"Crossbones" (NBC, Fridays), "Friday Night Spotlight: Pirate Pictures" (TCM, Fridays in June). Pirates! Their parrots, their peg legs, their eye patches; their planks for walking, their X'ed spot-markings; their swashbuckling ways and way of talking; their "Shiver me timbers!" and "Avast there, mateys!" We have long embraced the buccaneer as a naughty, unconventional, seafaring hidden part of our politer, conventional, landlubbing selves. Criminals, certainly, and yet lovable enough to inspire one of Disney's most enduring theme park rides (and, true, one of the weirdest — pirates burn down a town), which in turn inspired those movies, and a song I won't be able to get out of my head for a day now that I've thought of it.
In "Crossbones," John Malkovich plays Edward Teach, the pirate name Blackbeard, though he is white-whiskered now and in hiding (believed dead). Malkovich plays him, possibly echoing creator Neil Cross' intention, as a kind of Col. Kurtz, a mystical madman holed up as the lord of a tropical place, with Richard Coyle the secret agent sent to terminate him with extreme prejudice. (It is very much a kind of late-Brando performance Malkovich offers here; his choices as to speech and carriage seem both at once eccentric and highly worked out.) Naturally, they talk God and philosophy — a feature also of Cross' "Luther," another series in which cops and criminals ponder the nature of good and evil. There are quotations from Shakespeare ("I believe that there's nothing good or bad than the thinking makes it so," says one well-read pirate lass) and, from the future, the Rolling Stones: "Please allow me to introduce myself," says Blackbeard as he slits some extra's throat. The anachronism doesn't matter: This is a fantasy in which something as good as impossible happens in every act; you may do better watching with an attitude of "Oh, isn't that interesting," rather than trying to make sense of it. "Black Sails," Starz's pirate show, seems a documentary by comparison.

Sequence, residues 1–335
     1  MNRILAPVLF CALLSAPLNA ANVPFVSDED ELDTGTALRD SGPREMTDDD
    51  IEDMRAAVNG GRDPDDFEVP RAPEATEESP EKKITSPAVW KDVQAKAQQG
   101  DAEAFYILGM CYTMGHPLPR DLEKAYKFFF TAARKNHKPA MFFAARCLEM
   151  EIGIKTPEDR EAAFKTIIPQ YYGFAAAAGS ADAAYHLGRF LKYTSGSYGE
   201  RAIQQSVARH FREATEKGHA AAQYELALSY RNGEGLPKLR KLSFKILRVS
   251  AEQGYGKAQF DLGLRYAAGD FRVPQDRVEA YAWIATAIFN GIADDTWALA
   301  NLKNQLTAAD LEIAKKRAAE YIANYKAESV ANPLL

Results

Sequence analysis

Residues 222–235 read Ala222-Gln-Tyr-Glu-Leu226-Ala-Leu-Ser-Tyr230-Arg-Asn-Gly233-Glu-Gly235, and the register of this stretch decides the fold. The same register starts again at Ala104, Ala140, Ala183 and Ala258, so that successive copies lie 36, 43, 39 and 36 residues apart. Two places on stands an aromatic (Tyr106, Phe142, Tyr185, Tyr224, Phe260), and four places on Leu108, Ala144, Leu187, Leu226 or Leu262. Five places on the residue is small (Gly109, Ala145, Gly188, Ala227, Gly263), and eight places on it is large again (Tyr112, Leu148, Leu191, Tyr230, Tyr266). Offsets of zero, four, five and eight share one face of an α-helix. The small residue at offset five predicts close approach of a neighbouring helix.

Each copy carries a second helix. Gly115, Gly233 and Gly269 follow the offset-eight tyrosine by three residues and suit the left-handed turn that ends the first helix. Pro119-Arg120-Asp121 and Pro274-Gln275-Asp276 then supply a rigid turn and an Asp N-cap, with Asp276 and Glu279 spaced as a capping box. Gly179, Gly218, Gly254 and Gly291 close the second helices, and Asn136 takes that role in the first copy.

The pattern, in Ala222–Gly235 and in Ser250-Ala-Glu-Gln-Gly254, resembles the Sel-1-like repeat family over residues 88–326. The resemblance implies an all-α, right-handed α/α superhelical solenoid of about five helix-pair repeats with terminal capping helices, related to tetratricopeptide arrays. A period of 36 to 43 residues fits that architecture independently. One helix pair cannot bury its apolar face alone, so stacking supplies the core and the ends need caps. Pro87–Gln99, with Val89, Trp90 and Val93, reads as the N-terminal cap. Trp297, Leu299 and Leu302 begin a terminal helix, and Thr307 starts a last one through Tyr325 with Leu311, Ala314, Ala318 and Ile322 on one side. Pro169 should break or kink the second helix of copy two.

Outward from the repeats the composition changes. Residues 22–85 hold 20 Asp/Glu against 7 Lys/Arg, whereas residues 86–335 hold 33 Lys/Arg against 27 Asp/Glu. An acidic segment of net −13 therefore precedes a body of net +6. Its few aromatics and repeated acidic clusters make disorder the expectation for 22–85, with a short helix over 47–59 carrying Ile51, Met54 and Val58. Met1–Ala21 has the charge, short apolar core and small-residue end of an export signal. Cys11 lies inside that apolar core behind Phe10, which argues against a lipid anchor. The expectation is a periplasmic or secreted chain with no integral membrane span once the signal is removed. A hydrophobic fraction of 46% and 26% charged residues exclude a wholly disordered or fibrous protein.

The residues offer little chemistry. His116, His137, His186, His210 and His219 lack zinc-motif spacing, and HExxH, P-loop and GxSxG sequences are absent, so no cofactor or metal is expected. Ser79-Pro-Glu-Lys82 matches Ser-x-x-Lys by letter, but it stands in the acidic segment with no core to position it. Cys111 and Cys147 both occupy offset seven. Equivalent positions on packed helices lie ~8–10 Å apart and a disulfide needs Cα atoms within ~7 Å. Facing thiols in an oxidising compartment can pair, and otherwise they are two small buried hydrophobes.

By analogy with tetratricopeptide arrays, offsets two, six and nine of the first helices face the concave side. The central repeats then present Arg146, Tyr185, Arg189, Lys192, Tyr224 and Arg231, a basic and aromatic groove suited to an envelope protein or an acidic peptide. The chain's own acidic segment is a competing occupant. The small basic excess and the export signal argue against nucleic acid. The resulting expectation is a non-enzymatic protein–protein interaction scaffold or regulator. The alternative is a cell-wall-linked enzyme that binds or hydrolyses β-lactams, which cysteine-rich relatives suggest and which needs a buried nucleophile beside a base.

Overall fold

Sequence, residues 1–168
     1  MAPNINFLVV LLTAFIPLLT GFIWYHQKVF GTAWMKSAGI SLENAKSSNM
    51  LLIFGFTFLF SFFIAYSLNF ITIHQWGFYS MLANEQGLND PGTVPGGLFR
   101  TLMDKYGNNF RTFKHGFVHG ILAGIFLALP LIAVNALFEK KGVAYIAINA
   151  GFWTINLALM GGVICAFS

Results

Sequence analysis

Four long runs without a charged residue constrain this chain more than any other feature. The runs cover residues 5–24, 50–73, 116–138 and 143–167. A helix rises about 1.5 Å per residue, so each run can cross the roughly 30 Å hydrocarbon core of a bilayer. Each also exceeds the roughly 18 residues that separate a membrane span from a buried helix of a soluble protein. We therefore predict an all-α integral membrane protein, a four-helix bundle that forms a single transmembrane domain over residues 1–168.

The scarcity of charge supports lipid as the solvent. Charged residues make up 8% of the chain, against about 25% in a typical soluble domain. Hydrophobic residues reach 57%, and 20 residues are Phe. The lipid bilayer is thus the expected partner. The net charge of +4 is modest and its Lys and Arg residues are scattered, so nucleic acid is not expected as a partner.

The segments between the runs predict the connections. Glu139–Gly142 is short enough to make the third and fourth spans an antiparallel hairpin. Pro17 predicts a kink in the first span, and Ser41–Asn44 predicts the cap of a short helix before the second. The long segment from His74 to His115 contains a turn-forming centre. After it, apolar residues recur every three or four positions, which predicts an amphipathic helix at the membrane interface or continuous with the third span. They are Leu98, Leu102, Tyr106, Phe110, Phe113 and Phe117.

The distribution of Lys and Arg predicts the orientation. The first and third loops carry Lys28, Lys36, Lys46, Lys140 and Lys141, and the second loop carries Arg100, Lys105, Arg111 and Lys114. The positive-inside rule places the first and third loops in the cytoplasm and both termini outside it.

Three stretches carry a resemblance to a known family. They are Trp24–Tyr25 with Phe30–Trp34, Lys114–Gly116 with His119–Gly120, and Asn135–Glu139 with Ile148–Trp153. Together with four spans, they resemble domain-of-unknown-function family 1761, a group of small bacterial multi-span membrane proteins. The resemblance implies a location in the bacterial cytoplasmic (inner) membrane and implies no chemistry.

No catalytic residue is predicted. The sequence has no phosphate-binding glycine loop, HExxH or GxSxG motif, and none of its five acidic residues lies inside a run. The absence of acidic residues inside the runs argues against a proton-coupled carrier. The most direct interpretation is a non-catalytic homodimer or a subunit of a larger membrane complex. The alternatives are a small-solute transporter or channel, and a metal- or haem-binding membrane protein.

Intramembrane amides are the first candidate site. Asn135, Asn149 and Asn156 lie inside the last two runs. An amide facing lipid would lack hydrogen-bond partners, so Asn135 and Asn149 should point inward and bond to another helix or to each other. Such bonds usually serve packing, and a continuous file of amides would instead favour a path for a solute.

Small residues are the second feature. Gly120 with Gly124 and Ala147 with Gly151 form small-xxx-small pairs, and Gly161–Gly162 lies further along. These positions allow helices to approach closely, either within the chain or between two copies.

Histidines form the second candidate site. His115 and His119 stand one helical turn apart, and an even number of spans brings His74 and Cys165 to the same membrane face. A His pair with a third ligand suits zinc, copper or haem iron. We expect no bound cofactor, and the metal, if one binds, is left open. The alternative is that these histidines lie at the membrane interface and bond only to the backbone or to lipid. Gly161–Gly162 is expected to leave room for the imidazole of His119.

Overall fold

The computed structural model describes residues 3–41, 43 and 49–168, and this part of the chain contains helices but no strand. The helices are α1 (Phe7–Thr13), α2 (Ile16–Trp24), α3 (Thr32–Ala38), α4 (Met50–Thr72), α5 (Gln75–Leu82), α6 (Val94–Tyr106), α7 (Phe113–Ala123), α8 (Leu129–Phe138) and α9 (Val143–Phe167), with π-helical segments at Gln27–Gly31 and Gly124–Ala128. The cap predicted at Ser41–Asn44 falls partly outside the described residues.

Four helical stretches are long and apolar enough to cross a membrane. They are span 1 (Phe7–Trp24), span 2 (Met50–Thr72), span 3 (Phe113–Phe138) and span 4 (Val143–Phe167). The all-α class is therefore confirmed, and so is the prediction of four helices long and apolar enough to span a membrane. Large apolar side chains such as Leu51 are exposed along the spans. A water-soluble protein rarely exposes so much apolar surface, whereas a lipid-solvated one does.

Turrner Classic Movies, meanwhile, is reaching into its bottomless treasure chest to fill every Friday night in June with pirate movies, from the silents to the 1960s, from big-budget productions to barrel-bottom programmers, including comic and musical turns on the genre. (It seems a little unfair — piratical, one might almost say — to be airing these films in competition with "Crossbones," but it's hell, after all, out on the airwaves.
The series begins Friday with the 1924 silent "The Sea Hawk," "The Black Swan" (Tyrone Power and Maureen O'Hara, 1942), "The Spanish Main" (1945, Paul Henreid and Maureen O'Hara, directed by Frank Borzage), "Pirates of Tripoli" (Paul Henreid again), "The Golden Hawk" (1952, Sterling Hayden) and "Hurricane Island" (1951, tag line: "That lady pirate's on the loose!"). Next week, June 13, views the lighter side of pirating, with Burt Lancaster in "The Crimson Pirate" (1952); Gene Kelly and Judy Garland in "The Pirate" (1948), with a Cole Porter score; Bob Hope's "The Princess and the Pirate" (1944); and "Abbott and Costello Meet Captain Kidd." June 20 is (almost) all about Errol Flynn, with "Against All Flags" (1952), "Captain Blood" (1935), "The Sea Hawk" (1940)," "The Master of Ballantrae" (1953), with Louis Hayward stepping into the title role for the sequel "Fortunes of Captain Blood" (1950). Finally, June 27, we get to "Treasure Island" (1934, with Wallace Beery as Long John Silver), followed by the 1960 low-budget fantasy knockoff "The Boy and the Pirates," "Captain Kidd" (Charles Laughton, 1945), and "Blackbeard, the Pirate" (1952), directed by Raoul Walsh and starring the great Robert Newton, the man you imitate when you imitate a pirate.